I cooked salmon for supper. The couple in the next camper chatted to us, saying we'd chat more later, which we didn't. In the morning they were busy talking to other campers here – quite a group of them. We didn't join in!
Cheers to Valentines Day and the yellow eyed penguin
Monday 15th February Right down south 87 km
We spent a long time planning our trip to Stewart Island tomorrow, and Milford Sound on Friday.
We left at 10 o'clock, having had a last look at the beach.
The road to Invercargill went across flat farming country and was often edged with pampas grass.
When we got there, we shopped in New World, once more finding goods more expensive than in England. People at the check out were chatty – something we couldn't experience in Morocco, when we couldn't speak the same language.
Our next visit was to 'E. Hayes & Sons Ltd'. This was a massive hardware store, mixed in with a 'museum'. There were exhibits of a few vintage cars, plus dozens of old motorbikes, as well as much more memorabilia. One of the bikes had belonged to local hero Burt Munro, who had raced it at Bonneville. The assistants were all very friendly, and were happy for people to wander around taking photos. As I told one of them, it was the most fun hardware store I'd ever been in! They sold other things too, and we purchased a pack of plastic wine glasses, as the van only had 2 tumblers! Also we were able to get a battery for my watch, which the young lad fitted for us! A great success!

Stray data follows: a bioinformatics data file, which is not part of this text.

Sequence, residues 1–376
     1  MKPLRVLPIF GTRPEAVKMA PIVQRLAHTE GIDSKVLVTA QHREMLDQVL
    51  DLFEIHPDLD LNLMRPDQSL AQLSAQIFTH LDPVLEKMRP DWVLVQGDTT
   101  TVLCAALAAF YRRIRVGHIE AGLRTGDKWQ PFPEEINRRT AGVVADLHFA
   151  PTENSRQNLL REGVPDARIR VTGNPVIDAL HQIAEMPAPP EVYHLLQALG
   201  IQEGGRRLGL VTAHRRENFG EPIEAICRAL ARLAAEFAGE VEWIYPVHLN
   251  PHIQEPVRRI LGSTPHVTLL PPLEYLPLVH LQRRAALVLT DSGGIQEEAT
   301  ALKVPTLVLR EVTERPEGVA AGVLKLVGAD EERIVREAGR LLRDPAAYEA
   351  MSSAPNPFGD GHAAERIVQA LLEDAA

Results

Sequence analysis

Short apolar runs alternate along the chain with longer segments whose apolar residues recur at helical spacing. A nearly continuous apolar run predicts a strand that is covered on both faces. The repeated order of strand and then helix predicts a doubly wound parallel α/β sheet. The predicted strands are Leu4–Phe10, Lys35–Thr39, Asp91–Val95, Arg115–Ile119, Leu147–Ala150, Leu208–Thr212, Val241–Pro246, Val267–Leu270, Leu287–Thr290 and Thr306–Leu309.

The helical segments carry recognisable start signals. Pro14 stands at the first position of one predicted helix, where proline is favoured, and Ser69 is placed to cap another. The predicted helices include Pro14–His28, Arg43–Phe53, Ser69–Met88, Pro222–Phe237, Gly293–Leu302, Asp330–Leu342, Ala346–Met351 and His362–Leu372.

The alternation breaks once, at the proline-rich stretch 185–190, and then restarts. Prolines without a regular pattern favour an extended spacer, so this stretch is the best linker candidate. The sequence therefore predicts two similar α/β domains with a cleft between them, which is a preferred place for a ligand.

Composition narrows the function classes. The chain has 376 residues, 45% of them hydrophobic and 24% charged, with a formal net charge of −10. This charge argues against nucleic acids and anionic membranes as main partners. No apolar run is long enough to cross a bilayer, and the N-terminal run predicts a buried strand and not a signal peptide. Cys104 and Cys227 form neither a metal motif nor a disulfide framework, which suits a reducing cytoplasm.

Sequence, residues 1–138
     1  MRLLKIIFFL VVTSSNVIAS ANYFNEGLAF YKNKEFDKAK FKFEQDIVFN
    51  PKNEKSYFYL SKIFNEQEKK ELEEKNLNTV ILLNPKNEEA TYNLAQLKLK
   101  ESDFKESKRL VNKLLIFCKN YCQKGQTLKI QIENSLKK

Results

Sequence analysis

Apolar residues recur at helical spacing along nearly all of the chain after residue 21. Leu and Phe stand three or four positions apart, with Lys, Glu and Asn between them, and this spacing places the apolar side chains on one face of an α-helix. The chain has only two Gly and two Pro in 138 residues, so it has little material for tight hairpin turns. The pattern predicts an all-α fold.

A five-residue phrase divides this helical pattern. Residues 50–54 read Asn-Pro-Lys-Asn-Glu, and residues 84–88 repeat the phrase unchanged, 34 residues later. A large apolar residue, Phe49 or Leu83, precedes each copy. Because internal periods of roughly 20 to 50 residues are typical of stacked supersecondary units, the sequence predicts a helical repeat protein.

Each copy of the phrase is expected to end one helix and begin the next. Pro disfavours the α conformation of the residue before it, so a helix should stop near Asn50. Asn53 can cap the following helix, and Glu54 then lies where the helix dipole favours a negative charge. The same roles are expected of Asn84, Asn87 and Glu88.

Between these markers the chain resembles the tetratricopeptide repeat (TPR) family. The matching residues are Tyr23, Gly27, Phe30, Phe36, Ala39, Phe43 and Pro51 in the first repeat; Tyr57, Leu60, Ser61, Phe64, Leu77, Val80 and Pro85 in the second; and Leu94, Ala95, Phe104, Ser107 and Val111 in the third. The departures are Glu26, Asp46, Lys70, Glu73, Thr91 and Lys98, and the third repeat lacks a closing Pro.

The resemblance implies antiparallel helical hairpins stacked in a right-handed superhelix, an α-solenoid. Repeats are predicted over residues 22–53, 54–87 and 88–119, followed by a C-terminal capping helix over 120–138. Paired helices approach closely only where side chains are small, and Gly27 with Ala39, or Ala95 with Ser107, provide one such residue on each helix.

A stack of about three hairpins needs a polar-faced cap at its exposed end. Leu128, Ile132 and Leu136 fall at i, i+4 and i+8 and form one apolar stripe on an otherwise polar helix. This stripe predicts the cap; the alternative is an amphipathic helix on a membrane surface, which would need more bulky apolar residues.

It was now gone 1 o'clock, so we headed for massive Queens Park, where we sat in the van amongst the aesthetically pretty pastel flower beds. A statue of Burt Munro stood nearby. It started to rain, and as it didn't stop, we set off anyway for a short walk in the lovely gardens. There was an impressive rose garden, and some enormous trees. We were just sorry not to see more of the gardens.
E. Hayes & sons splendid shop and museum, Invercargill
Adrian had hoped to stop at a 'cheap store' to get one or two things he still wanted, but all the parking was by meters or paying, so we continued out of the town, stopping at a booze shop on the way. The rain continued as we drove the 30 km across flat land to Bluff, ready for our trip to Stewart Island tomorrow.